Twenty-Fourth Sunday after Pentecost

Last week’s lesson from Hebrews 9:24-28 told us that the church is not a system of atonement;

November 15, 2009

Second Reading
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Commentary on Hebrews 10:11-14 [15-18] 19-25

Last week’s lesson from Hebrews 9:24-28 told us that the church is not a system of atonement;

this week’s lesson tells us what the church is — a new community of folks whose consciences have been cleansed by God, who are confident in God’s forgiveness and eager to encourage one another “to love and good works” (Hebrews 10:24). This brief passage brims with joy and certainty: “we have confidence”; “let us draw near with a true heart in full assurance of faith;” let us hold fast the confession of our hope without wavering.”

“Confidence” is the keynote of this lesson. In Greek, the word connotes frankness, outspoken speech, openness to public scrutiny, courage, boldness, fearlessness, and joy. It is a characteristic of free citizens who may hold their heads up without shame or fear, looking others directly in the eye. In Roman society, slaves did not exercise such boldness; it belonged to the free members of the household.

In Hebrews, it characterizes members of the household of God (Hebrews 3:6; 10:21). Indeed, we ourselves are God’s house, God’s dwelling, God’s temple, over which Christ is the faithful overseer (3:2-6) and high priest (3:1; 10:21).

Such confidence is to characterize every aspect of our lives, from our relationship with God to relationships within and outside the Christian community. Fittingly, the fact that we are “naked and laid bare to the eyes of the one to whom we must render an account” (4:13) correlates with our openness before God. God already sees our inmost thoughts and motives, so there is no reason not to be frank and outspoken in our prayers.

Furthermore, the God with whom we speak is known through Jesus Christ, who knows what it is to be tempted and can “sympathize with our weaknesses” (4:15). For this reason, we may confidently, “with boldness” (NRSV), bring all our concerns to God and “find grace to help in time of need” (4:16).

The basis of such joy and certainty lies outside ourselves, in what Christ has done to deal with our sin: “By a single offering he has perfected for all time those who are sanctified” (Hebrews 10:14). This means, in short, that confidence, assurance of God’s faithfulness and the freedom to come into God’s presence, are not our own creation. As preachers, we do not have to generate such confidence in our congregations, we do not have to do spiritual calisthenics or drum up courage. We need only rest in what God has done (cf., Hebrews 4:9-10) and share that good news.

The effect of this offering is the cleansing of our conscience (Hebrews 10:22; cf., 9:14; 10:2-3). This does not mean the absence of any conscience at all. Despite our cultural aversion to apologies, the capacity to recognize and name our own wrong-doing, and to ask forgiveness of one another, is essential to our humanity. Hebrews talks of this in terms of openness before God, who knows our inmost hearts (4:13) and completely forgives us, to the point of forgetting our misdeeds (10:17). Indeed, it is confidence in God’s forgiveness that gives us the freedom to be honest about our failures, coming freely before God and receiving the gift of God’s gracious acceptance.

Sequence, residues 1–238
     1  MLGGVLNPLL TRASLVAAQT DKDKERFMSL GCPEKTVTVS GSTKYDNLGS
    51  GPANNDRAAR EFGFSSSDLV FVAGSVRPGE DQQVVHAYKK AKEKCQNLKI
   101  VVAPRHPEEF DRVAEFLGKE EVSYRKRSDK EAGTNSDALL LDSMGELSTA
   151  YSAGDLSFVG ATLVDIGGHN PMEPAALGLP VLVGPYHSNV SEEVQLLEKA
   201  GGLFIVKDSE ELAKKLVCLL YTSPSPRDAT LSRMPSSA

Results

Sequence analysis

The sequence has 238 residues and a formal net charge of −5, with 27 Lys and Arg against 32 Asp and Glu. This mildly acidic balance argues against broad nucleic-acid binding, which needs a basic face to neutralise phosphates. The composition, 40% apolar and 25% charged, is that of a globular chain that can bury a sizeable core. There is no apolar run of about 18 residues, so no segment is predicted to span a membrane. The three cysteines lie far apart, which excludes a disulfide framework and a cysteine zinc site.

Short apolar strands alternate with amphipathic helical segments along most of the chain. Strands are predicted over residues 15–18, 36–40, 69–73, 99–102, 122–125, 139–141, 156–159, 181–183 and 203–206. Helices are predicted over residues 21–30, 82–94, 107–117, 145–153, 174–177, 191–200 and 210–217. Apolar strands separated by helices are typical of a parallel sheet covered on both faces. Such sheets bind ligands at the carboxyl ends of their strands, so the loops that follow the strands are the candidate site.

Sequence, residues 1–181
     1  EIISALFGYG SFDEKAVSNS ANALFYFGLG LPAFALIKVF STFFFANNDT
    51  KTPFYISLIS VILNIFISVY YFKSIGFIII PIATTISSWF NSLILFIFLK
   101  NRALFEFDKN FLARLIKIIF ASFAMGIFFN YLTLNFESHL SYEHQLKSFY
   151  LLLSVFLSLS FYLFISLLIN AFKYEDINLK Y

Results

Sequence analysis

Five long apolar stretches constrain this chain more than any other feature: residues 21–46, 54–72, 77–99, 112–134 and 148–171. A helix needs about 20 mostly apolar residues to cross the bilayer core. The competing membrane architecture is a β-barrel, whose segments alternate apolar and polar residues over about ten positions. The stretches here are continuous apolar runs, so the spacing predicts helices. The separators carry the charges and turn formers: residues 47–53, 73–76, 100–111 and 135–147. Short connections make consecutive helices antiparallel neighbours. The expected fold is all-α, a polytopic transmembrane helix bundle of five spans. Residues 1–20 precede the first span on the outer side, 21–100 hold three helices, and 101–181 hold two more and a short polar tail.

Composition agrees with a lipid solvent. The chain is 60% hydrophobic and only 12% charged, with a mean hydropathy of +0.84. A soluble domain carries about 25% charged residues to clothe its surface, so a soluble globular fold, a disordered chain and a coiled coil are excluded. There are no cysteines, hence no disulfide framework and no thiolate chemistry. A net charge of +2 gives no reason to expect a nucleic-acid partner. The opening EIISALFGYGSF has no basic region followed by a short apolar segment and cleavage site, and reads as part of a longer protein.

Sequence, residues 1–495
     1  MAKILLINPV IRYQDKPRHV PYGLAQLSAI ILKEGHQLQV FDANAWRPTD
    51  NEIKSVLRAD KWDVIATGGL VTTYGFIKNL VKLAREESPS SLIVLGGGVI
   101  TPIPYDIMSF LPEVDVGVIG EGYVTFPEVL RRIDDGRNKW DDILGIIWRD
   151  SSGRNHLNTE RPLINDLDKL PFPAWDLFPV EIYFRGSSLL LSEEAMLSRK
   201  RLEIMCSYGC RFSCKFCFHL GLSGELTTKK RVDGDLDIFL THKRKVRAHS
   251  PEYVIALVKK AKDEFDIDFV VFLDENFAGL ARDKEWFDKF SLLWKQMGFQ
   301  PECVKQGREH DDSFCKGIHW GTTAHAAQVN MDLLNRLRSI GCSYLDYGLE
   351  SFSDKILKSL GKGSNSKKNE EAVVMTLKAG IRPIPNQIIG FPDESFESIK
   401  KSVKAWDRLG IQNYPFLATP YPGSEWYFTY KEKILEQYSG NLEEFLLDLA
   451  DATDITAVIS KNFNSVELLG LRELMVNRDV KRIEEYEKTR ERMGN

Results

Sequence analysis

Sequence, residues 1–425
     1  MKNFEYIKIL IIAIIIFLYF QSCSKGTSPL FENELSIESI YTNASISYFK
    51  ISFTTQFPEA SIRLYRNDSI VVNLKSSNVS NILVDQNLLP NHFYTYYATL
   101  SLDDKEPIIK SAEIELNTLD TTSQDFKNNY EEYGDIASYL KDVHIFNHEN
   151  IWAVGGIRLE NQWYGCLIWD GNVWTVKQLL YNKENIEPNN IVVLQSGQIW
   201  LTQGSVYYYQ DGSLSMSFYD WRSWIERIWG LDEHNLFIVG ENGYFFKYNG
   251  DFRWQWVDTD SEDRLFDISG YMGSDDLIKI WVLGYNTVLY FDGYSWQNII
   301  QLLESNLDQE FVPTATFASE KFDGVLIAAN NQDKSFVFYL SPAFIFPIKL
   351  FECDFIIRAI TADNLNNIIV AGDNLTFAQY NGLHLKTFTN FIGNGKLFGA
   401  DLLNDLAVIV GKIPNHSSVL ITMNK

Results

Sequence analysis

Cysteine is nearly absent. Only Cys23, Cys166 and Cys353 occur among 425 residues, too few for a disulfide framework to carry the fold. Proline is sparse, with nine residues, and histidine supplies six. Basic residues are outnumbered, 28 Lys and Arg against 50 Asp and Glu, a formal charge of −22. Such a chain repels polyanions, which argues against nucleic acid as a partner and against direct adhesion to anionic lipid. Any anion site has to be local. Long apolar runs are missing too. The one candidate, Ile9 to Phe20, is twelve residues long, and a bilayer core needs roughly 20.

This frank relationship with God spills over into frank relationships with one another in Christian fellowship. Today’s lesson tells us to encourage one another in love and service, “not neglecting to meet together, as is the habit of some” (10:25). The exhortation gives us the opportunity to ask what causes folks to stay away from fellowship.

Many, if not most issues, can be traced to failures of communication: unresolved conflicts; guilt and fear of being judged; inward isolation or a sense of playing a role. In such instances, caring, open communication is urgently necessary, yet only possible in the presence of the God who already knows our hearts, cleanses our consciences, and creates an arena of grace in which all are judged and all are forgiven. Our mutual openness is grounded in what Christ already has done, once-for-all dealing with sin on the cross.

Finally, anchored in God’s grace and strengthened through fellowship, the community is able to be confident in the face of opposition and hostility. Thus the third aspect of “confidence” in Hebrews is bold public witness. Hebrews 10:32-39 reminds the readers of the experience of suffering and public abuse that accompanied their first Christian witness. In particular, they maintained fellowship with their Christian brothers and sisters who were imprisoned and willingly allowed their possessions to be plundered (10:33-4).

Their courage was based in their future hope, their abiding dwelling in God’s house (10:34; cf., 10:21; 3:6), and their confidence that Christ will bring justice on earth (10:36). For all these reasons, Hebrews exhorts us: “Do not, therefore, abandon that confidence of yours; it brings a great reward” (10:35).

An intimate and frank relationship with God, openness with one another, and bold public witness that perseveres in the fact of opposition — these are the characteristics of the confident community portrayed in today’s lesson. The text invites us to a frankness of speech that deals confidently with the barriers of guilt and shame that often divide communities, and with the barriers of timidity and fear that hinder our public witness to the transforming power of the gospel. Such boldness and confidence is grounded in what Christ has done, dealing with the condemning power of sin once-for-all, and what Christ will do, establishing justice on the earth.